Let’s throw away the saying, “I have to be the Alpha of the pack.” First of all, when you bring a puppy or dog into your home, they become part of your family, not part of a pack. A pack of dogs are dogs that are unrelated and usually means 3 or more animals together. Like at the dog park.
Leadership is one of the most forward-thinking training procedures you can use on your puppy or dog. I am using Leadership in this instance to mean setting boundaries, both physical and behavioral. You wouldn’t let your young child decide what time to go to bed, or let them decide what time to eat, so why do that with your puppy and/or dog?
You don’t need to yell…yelling can aggravate the situation by bring more stress into the situation. If you don’t want the dog to beg at the dining room table during meal times, put the dog away during those times (i.e., crate or tether it). If you don’t want the dog to jump on you and your friends, then don’t let him/her do it when they are a puppy.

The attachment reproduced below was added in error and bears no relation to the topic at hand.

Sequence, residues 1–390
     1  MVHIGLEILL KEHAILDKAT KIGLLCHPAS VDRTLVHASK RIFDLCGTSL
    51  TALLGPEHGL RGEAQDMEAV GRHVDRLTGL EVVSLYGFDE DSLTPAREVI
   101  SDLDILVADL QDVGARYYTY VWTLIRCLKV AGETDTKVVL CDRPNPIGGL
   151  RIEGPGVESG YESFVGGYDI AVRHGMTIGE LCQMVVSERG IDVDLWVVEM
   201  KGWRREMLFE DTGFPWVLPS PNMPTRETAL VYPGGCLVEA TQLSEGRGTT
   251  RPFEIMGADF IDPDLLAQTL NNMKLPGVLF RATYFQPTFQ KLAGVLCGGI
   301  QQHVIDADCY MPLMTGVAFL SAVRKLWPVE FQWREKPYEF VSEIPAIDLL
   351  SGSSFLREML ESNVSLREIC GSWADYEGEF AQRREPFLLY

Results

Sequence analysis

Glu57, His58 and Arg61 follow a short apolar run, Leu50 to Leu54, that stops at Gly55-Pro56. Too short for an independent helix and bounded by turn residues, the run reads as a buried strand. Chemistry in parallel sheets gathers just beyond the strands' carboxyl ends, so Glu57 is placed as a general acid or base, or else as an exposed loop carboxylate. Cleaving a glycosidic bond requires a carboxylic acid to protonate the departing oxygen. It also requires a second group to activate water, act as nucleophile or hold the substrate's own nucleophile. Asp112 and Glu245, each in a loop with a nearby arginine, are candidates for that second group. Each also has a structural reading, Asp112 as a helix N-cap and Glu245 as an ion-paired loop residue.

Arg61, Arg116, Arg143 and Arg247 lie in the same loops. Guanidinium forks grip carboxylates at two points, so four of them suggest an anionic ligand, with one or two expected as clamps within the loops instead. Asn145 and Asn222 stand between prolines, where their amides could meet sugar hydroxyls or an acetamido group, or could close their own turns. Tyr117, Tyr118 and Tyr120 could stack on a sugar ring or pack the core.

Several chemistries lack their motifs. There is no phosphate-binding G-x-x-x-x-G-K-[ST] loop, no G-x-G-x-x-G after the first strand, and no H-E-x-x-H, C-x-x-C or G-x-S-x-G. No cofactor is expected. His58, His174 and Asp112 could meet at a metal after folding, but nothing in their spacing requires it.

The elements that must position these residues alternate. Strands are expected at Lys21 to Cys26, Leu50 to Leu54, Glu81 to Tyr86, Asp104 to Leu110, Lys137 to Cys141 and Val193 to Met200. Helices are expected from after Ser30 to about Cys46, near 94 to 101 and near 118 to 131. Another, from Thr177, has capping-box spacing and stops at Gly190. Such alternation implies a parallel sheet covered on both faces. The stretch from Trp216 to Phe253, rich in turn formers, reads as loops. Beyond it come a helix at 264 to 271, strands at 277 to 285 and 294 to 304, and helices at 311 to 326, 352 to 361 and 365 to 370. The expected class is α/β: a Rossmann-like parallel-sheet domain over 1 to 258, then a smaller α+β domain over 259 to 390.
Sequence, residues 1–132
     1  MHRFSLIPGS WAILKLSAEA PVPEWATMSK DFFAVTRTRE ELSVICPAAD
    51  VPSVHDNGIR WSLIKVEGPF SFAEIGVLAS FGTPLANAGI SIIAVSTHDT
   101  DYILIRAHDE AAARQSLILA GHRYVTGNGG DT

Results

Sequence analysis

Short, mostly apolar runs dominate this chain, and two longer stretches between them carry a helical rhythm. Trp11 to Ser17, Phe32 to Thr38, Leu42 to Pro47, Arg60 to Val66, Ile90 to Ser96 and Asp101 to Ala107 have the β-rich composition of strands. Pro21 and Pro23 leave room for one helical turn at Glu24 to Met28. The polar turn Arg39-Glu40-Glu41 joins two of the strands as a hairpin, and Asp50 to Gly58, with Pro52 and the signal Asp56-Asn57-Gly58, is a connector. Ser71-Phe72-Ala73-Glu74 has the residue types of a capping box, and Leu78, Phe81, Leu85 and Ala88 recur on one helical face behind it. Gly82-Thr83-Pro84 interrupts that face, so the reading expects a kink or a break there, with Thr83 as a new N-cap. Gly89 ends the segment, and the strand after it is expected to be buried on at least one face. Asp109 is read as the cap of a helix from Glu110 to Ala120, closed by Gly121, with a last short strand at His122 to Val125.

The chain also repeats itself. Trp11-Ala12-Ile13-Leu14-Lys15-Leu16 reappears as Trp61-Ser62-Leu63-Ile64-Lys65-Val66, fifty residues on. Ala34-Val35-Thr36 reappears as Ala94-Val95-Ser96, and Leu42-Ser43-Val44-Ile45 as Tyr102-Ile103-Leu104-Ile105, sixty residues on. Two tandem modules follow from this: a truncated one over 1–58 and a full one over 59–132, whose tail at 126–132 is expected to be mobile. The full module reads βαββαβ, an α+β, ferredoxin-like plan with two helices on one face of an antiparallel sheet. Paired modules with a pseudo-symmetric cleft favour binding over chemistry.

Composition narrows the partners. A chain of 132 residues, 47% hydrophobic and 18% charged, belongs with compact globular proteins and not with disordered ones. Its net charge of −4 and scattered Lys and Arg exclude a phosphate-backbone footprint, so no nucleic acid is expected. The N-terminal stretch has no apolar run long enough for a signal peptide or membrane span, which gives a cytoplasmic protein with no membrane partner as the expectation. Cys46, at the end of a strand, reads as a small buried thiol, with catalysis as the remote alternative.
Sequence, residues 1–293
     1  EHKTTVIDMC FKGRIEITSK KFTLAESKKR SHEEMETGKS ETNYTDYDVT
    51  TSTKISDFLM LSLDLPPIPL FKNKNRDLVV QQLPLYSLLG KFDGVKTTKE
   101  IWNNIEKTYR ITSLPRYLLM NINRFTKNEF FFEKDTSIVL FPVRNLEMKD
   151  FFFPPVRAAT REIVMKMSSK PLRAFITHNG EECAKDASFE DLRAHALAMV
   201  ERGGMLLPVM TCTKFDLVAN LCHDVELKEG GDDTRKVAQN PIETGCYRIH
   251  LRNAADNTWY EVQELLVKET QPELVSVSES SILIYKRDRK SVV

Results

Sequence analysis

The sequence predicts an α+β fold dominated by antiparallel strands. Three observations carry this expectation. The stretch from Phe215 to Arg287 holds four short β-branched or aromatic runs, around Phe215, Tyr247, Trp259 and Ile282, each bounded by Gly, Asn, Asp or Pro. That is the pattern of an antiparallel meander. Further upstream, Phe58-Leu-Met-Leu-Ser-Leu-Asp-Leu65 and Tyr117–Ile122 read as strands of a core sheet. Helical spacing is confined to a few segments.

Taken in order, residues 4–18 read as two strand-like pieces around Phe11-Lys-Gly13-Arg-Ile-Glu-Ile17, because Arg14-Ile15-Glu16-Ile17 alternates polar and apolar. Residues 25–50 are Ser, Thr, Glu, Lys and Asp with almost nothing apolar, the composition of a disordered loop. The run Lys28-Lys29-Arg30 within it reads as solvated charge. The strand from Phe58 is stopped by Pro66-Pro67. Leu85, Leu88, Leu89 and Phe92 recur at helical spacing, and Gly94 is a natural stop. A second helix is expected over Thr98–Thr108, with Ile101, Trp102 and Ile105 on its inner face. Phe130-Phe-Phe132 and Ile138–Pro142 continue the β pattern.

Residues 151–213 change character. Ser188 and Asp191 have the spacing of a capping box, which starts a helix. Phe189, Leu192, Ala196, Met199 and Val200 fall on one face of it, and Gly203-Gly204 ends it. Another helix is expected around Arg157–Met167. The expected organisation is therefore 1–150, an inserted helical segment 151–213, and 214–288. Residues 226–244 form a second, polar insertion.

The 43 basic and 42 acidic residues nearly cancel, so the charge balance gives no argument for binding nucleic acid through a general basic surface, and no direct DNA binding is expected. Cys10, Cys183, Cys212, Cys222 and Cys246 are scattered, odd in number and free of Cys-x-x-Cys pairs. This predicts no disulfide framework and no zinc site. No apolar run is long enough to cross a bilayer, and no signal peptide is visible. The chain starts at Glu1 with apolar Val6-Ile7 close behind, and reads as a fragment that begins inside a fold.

Physical boundaries relate to where your puppy or dog can physically go in your home and outside, depending on the dog’s age. Discuss these with your family:
- Can the dog be up on the furniture?
- Can the dog beg for food at the the dining or kitchen table?
- Can the puppy have free run of the house? If not, what room(s) can he have access to?
- Should the dog wait at the door before being let out?
Behavior boundaries relate to what behaviors are okay for your puppy or dog. Again, discussion with your family leads to compliance from everyone in the family, even the dog.
- Can the dog jump on you?
- Can the dog bite you or your clothing?
- Do you want the dog licking you or your friends excessively? (Do you really believe a dog’s mouth is clean? Not!)
- Is the dog allowed to pull on the lease?
- Can the dog chase small animals? (My fear is of skunks!)
Give me a call and we can discuss way to avoid pitfalls and get you on the right track.